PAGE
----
While it’s not the first time that cryptocurrency exchanges and fund managers have advertised in traditional media outlets, the sheer amount of interest in the space suggests a shifting sentiment from the wider public.
Targeting the masses
As Cointelegraph Magazine explored on Aug. 10, the launch of Grayscale’s television ad could be a major catalyst for increased investment in crypto, likened to a Merrill Lynch ad in 1948 that introduced investors to the stock and bond markets. Grayscale released a teaser for the ad on Twitter, with the full version now running on CNBC, MSNBC, Fox and Fox Business, and other channels.
— Grayscale (@Grayscale) August 10, 2020
While Grayscale’s ad is running on TV screens and social media channels, traditional print has not been neglected either. Galaxy Digital, famously set up by millionaire investor Mike Novogratz, ran a large block ad on Aug. 13 in the well-known United Kingdom-based business newspaper the Financial Times. The publication had over 1 million subscribers in 2019, with an estimated 18% of its readership being millionaires. The ad itself contains emotive language that encourages people to invest in Bitcoin by highlighting the tough sociopolitical and economic landscape this year.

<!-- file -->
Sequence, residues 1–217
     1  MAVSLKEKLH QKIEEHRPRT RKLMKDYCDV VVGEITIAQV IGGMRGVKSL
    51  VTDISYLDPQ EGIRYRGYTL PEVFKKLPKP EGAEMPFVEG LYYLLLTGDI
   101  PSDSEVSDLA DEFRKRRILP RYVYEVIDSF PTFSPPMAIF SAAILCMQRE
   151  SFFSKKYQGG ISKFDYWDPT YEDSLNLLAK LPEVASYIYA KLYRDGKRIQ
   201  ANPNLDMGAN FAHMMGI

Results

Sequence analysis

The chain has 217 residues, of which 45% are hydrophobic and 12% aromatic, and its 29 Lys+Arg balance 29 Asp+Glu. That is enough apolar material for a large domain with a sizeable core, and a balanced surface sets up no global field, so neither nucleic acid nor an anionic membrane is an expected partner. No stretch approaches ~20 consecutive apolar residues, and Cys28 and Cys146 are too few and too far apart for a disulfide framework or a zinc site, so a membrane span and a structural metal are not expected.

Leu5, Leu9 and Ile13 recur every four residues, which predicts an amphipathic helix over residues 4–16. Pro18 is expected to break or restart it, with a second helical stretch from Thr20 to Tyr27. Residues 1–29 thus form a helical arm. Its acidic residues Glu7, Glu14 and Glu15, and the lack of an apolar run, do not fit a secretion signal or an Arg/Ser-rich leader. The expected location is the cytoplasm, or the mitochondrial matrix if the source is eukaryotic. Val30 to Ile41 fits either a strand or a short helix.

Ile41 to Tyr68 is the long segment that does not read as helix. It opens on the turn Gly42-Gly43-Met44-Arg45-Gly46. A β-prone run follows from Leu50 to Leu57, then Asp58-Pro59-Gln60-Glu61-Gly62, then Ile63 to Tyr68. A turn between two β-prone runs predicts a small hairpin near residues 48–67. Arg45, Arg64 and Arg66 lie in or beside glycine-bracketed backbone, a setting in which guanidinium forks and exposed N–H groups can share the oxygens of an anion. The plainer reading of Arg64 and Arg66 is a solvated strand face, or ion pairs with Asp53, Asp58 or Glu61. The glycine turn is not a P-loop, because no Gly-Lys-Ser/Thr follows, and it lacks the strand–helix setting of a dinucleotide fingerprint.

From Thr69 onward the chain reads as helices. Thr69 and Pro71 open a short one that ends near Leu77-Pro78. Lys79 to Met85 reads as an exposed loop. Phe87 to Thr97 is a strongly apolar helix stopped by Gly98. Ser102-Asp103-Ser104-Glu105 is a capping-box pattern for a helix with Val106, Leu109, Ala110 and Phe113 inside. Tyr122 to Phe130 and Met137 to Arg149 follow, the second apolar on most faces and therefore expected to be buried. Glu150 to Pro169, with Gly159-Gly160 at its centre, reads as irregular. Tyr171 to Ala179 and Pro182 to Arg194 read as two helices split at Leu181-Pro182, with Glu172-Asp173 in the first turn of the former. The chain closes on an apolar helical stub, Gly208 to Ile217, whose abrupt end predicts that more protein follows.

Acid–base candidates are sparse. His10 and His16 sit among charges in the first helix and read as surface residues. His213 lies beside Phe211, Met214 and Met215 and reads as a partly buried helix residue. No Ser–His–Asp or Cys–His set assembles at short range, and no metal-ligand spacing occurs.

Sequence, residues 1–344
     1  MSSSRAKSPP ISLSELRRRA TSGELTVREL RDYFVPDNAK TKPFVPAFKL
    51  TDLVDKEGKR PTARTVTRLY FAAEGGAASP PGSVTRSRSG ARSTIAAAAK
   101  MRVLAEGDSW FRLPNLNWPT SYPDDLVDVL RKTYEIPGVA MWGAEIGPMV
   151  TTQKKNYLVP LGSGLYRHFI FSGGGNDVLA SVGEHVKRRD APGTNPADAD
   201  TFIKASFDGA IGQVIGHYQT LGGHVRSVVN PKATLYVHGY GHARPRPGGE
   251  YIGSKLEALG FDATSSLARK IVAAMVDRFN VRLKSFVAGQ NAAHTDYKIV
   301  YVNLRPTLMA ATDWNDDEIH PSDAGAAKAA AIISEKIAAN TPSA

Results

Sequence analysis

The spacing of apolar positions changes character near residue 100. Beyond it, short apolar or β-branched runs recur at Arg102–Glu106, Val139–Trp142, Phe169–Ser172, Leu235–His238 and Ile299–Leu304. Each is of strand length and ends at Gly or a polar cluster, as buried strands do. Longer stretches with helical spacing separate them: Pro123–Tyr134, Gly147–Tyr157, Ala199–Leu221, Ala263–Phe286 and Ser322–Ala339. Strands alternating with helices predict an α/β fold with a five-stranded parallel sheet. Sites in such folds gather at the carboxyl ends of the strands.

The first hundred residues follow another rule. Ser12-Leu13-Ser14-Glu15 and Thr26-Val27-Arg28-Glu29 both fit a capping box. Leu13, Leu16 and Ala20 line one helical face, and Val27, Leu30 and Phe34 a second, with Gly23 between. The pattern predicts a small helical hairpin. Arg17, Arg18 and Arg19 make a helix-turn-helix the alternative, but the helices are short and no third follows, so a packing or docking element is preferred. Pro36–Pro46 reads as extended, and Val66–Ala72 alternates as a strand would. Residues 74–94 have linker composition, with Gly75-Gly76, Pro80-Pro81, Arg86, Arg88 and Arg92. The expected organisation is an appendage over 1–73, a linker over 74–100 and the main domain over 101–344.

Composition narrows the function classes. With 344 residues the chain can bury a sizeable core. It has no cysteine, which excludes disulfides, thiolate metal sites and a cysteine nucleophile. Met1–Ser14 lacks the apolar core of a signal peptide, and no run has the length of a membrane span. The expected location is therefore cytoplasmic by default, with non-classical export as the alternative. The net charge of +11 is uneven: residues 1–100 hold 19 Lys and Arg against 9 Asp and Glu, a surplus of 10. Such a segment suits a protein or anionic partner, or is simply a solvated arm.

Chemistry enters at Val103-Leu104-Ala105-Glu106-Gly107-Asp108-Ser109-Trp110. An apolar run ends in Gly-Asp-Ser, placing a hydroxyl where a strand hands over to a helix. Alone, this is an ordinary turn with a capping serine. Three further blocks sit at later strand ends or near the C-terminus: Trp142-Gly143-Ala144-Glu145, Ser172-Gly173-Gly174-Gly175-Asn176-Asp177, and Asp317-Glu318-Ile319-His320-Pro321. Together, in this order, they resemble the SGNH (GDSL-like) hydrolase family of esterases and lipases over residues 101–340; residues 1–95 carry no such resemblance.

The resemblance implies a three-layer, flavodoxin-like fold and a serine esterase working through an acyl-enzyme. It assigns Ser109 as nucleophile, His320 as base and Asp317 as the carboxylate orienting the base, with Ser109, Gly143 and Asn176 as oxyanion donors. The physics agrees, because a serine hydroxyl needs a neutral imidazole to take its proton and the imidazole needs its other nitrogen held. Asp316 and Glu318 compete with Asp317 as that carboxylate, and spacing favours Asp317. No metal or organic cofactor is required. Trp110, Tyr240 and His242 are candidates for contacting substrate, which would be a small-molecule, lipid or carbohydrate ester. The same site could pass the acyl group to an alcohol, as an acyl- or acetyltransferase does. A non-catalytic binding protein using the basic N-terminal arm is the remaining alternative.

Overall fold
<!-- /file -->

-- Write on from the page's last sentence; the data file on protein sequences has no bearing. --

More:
Big ad for bitcoin in the FT today from Galaxy Digital. Love it pic.twitter.com/ro05QdvDFf
— Barry Silbert (@barrysilbert) August 13, 2020
Will mainstream advertising drive adoption?
The cryptocurrency space was already enjoying a period of heightened interest and resulting investment before these advertising campaigns were launched. What remains to be seen is whether these initiatives to coax new users into the ecosystem will pay dividends.